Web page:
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CCR Symposium: Two Stories About Law’s Expressive Value

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3 Responses

  1. Another reason to think the optimistic story might prevail: In the filesharing context, an externla norm about ownership of intellectual property conflicted with an online culture of openness. My general impression is that the people who think cyber harassment is trivial are more likely to be people who don’t “live” online. The more the internet, and internet-based interactions, are a part of your life, the more seriously you’re likely to take online conduct, so there isn’t such a clash between an offline norm and an indepenent web culture.

  2. A.W. says:

    I am just glad we are finally having a symposium on the music of Creedence Clearwater Revival.

    As mentioned in Footnote number 2 in Fogerty v. Fantasy Records (1994), “Creedence Clearwater Revival (CCR), recently inducted into the Rock and Roll Hall of Fame, has been recognized as one of the greatest American rock and roll groups of all time. With Fogerty as its leader, CCR developed a distinctive style of music, dubbed ‘swamp rock’ by the media due to its southern country and blues feel.” So, as a matter of law, CCR is one of the greatest bands of all time and if you deny it, the ghost of Rehnquist will rise up and haunt you or something.

    Sorry, couldn’t resist.

  3. Dave says:

    Jennifer: yes, if you’re right that the people who engage in online sex harassment are not also the sorts who haunt cyberspace on a regular basis and have strong opinions about its norms, then certainly they’d have internalized cyberspace’s distinctive norms less fully, and would be less likely to insist on the persistence of those norms even in the face of legal sanctions.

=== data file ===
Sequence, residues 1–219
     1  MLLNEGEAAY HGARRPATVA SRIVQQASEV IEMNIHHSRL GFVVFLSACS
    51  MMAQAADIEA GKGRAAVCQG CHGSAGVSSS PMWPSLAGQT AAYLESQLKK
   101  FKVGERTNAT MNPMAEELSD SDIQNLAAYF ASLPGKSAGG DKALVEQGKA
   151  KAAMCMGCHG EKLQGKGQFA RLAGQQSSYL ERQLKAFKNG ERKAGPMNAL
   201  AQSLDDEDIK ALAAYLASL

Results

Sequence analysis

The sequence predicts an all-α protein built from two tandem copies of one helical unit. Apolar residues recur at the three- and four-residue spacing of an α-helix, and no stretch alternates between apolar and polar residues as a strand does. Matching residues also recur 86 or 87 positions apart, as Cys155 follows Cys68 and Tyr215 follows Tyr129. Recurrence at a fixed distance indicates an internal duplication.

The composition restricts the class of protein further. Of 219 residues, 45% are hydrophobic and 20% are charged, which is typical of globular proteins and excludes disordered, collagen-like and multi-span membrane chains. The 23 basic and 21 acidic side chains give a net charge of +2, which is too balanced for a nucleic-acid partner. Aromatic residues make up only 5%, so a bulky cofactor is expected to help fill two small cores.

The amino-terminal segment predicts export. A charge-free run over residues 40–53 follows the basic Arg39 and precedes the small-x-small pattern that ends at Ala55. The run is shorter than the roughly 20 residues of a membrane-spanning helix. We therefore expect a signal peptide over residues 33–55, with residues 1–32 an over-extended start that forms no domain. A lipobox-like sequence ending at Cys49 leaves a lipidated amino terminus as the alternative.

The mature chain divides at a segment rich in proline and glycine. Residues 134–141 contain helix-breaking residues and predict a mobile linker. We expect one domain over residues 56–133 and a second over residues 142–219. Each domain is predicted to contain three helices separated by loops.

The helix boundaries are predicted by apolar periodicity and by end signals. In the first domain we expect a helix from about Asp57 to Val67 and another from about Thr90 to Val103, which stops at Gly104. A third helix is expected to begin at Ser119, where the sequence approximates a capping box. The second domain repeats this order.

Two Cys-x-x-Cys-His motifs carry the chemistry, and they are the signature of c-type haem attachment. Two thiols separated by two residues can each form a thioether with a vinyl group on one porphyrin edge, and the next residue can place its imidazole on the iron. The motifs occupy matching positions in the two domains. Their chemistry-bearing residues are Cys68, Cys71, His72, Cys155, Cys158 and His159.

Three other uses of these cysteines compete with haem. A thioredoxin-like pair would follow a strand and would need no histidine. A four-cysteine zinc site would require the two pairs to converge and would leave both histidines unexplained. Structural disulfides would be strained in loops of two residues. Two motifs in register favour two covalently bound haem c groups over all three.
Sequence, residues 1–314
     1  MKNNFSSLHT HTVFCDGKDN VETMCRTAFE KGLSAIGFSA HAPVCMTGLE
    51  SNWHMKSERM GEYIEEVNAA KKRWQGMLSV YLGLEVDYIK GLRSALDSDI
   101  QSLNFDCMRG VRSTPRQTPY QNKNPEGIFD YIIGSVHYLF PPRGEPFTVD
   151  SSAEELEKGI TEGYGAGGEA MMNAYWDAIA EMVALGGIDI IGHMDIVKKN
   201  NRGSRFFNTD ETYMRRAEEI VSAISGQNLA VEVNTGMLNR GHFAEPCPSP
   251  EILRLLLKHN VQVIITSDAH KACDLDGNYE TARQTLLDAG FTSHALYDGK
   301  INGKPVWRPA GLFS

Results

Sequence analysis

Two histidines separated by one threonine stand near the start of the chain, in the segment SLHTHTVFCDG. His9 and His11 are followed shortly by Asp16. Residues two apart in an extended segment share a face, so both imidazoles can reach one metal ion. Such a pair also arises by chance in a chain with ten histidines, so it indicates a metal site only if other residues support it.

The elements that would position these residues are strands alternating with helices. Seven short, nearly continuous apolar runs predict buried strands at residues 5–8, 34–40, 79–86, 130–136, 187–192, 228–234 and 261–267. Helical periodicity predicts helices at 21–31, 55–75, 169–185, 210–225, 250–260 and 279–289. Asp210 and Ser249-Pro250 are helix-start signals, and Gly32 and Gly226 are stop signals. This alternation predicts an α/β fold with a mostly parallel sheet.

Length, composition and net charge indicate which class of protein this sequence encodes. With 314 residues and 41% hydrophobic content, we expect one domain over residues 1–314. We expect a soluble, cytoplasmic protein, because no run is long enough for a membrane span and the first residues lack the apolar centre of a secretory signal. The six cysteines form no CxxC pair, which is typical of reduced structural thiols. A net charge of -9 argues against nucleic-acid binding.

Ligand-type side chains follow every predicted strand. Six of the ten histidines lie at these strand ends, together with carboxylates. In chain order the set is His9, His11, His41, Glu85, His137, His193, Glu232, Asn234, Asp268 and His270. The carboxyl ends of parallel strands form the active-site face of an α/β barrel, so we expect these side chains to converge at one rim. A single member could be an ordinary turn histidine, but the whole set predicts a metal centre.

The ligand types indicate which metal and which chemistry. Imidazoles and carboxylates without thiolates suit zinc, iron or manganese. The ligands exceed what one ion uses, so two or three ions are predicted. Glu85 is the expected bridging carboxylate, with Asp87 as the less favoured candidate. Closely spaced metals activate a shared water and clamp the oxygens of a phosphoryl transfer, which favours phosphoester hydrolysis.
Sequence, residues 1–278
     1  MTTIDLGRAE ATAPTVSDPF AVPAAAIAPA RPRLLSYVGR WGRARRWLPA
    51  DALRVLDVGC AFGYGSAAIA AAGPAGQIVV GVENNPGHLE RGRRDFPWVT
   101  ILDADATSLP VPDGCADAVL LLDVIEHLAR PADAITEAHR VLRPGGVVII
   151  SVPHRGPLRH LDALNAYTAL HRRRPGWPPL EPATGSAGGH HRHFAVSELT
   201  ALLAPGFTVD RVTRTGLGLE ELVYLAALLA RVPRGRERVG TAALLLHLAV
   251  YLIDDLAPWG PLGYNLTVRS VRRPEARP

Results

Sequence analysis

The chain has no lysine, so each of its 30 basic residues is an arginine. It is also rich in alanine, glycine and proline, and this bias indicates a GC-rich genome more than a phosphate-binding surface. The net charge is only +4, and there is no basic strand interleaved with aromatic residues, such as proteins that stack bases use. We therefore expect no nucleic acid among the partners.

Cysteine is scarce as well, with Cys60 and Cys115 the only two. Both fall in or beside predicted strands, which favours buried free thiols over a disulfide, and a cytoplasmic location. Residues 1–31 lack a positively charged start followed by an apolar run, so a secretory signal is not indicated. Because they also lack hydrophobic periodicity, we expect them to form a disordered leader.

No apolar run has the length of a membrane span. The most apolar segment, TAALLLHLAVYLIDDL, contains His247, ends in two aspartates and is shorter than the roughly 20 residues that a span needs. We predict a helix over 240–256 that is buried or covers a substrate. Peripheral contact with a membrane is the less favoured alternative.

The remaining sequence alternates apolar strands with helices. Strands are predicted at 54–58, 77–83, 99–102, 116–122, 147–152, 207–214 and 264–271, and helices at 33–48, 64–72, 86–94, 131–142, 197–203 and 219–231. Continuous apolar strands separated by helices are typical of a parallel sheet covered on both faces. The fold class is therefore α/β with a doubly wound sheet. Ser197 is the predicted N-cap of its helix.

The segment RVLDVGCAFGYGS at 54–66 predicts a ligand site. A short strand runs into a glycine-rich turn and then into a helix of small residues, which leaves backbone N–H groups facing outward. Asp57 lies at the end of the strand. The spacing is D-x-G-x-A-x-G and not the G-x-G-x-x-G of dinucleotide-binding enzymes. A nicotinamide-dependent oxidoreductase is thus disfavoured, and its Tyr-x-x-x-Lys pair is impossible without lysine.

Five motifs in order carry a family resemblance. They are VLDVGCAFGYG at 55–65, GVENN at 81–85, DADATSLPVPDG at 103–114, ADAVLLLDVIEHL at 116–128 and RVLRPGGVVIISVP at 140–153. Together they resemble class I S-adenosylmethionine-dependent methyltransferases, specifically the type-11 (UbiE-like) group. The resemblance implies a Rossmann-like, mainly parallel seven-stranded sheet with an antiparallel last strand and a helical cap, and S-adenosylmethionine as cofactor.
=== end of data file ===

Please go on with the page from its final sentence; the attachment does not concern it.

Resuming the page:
I don’t know who the people are who engage in this sort of conduct (I hope!) so I can’t really pose a guess as to who they are and what their beliefs about online norms may be. There is some evidence that people who “live” online overlap to some extent with people who think cyber harassment is trivial. I was surprised to read in one of Citron’s articles that one of the strongest defenders of online harassers (or critics of those who suggested that such harassment was problematic) was the founder of Daily Kos (I would have supposed he’d be more sympathetic). It’s only one data point, but if a web celeb like Kos thinks cyber harassment is trivial, there are likely others who “live” in cyberspace and share this view.